It is the eve of a lovely Sunday, Christmas lights are sparkling and in the quiet before bed, I have sat down to read my daily Advent email. I signed up to receive a daily reading all throughout Advent from the Bruderhof communities, and I have been absolutely loving it. This particular reading struck me though, and it was so beautiful, I had to share it:
Advent is the time of promise; it is not yet the time of fulfillment. We are still in the midst of everything and in the logical inexorability and relentlessness of destiny. To eyes that do not see, it still seems as though the final dice are being cast down here in these valleys, on these battlefields, in these camps and prisons and bomb shelters. Those who are awake sense the working of the other powers and can await the coming of their hour.
Space is still filled with the noise of destruction and annihilation, the shouts of self-assurance and arrogance, the weeping of despair and helplessness. But round about the horizon the eternal realities stand silent in their age-old longing. There shines on them already the first mild light of the radiant fulfillment to come. From afar sound the first notes as of pipes and voices, not yet discernable as a song or melody. It is all far off still, and only just announced and foretold. But it is happening, today.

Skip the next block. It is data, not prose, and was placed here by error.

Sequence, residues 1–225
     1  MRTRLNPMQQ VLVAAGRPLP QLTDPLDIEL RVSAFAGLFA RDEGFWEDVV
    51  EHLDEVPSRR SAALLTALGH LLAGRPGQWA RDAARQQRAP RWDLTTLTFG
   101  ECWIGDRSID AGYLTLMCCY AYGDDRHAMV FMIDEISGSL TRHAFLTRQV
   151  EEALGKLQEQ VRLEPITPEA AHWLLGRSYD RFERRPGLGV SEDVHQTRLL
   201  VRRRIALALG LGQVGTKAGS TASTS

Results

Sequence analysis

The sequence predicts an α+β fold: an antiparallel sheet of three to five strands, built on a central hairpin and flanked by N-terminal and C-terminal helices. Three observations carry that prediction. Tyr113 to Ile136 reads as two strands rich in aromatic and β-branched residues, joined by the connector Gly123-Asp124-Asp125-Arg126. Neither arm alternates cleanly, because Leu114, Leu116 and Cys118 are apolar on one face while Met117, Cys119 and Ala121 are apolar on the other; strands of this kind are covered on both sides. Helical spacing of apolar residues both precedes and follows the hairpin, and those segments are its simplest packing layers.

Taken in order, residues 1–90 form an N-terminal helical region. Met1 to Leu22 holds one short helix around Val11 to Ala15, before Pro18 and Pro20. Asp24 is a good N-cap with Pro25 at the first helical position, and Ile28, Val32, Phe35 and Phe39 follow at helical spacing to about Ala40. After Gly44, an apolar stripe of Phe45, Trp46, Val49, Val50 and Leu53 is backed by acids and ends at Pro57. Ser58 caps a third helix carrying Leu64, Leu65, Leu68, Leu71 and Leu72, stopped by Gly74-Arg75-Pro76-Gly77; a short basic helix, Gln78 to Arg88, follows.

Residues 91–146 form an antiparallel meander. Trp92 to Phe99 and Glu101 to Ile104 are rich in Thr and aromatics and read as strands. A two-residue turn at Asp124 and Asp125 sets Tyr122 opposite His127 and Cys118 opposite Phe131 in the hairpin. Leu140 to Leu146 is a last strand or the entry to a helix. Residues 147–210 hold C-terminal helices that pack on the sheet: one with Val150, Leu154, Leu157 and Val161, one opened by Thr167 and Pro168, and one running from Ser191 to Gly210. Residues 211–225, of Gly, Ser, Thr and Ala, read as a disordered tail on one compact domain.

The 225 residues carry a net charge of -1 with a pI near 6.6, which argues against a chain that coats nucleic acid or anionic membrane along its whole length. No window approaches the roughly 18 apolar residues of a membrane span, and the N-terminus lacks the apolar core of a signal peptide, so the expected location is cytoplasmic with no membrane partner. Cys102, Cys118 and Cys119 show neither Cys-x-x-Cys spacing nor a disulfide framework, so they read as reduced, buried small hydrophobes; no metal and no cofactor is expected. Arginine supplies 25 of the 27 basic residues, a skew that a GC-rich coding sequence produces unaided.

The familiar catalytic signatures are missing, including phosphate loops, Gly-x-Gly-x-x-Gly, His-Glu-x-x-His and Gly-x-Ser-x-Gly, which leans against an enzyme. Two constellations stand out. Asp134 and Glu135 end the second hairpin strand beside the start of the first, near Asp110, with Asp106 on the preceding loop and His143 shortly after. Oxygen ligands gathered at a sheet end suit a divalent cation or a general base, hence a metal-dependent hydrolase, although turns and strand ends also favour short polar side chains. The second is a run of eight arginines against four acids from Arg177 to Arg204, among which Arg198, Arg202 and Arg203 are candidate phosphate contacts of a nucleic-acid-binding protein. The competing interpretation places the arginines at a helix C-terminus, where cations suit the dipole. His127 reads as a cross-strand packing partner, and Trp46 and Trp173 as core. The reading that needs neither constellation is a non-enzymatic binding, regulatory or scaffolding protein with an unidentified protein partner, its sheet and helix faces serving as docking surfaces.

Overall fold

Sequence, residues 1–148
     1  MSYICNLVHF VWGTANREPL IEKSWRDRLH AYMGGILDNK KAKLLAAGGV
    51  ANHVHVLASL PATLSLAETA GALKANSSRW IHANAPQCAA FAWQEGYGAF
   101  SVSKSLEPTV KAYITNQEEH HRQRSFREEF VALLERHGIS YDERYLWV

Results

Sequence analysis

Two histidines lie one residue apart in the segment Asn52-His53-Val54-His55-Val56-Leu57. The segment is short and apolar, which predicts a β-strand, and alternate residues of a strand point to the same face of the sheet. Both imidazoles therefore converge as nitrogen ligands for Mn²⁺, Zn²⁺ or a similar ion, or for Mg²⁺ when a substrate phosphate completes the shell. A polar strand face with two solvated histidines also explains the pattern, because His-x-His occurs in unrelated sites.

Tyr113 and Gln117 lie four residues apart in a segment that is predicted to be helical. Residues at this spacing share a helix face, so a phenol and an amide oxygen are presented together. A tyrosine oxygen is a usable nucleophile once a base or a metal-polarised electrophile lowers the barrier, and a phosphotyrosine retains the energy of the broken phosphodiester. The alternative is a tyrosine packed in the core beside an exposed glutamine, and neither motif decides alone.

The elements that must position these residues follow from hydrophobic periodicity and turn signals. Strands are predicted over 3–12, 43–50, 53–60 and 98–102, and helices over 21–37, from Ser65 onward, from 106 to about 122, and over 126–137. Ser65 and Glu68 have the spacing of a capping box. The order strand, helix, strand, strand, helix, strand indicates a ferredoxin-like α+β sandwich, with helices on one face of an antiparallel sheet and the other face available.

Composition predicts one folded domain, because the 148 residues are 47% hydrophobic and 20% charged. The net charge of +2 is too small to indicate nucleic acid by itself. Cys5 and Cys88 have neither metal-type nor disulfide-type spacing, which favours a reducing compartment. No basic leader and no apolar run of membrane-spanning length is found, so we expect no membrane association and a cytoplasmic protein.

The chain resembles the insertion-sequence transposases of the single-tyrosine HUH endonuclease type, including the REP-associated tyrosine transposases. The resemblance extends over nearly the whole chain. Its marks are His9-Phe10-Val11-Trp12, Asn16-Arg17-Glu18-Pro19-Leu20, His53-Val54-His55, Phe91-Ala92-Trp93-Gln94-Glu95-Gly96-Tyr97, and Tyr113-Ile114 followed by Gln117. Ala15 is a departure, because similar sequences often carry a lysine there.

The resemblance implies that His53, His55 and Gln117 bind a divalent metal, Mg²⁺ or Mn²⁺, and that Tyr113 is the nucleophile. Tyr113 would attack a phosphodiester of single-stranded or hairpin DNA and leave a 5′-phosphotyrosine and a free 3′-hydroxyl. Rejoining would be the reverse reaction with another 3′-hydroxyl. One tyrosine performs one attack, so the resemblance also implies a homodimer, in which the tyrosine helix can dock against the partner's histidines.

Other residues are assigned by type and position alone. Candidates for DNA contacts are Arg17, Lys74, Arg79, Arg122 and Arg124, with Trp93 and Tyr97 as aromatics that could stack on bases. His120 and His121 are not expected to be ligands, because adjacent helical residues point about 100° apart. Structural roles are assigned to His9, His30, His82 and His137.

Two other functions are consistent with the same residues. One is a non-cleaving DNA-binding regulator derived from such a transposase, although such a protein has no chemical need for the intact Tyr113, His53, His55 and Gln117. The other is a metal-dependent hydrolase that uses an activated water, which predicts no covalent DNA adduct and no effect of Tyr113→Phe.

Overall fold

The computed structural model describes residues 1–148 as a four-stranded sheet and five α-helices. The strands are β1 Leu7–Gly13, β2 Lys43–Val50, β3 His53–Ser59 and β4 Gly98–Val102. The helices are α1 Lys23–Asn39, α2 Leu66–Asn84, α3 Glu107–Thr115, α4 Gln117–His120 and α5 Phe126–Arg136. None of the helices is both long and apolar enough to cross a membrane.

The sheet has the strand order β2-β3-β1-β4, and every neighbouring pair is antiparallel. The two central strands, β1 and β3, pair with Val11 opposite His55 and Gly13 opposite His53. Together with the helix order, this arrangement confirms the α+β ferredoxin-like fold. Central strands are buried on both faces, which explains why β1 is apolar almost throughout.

The whole thing is much longer, but this bit just seemed like such a jolt of divine reality that it’s been in my mind all day. The author was Alfred Delpf, a Jesuit priest and prisoner in a Nazi camp, who, soon after writing this, was hanged for “treason”. It was amazing to me that he could write with such clarity of faith, such trust in God. This man had every reason in the world to believe that God no longer cared for him, that God was no longer present in His life. Yet in the season of Advent, the season of “Coming”, he celebrated God’s presence all around him. For God was with him, and God is with us; with us in prison camps and suffering, with us in our moments of joy and frustration, even with us in the daily days where mundane reality seems to exclude any sense of the divine. And He will never leave, thank goodness.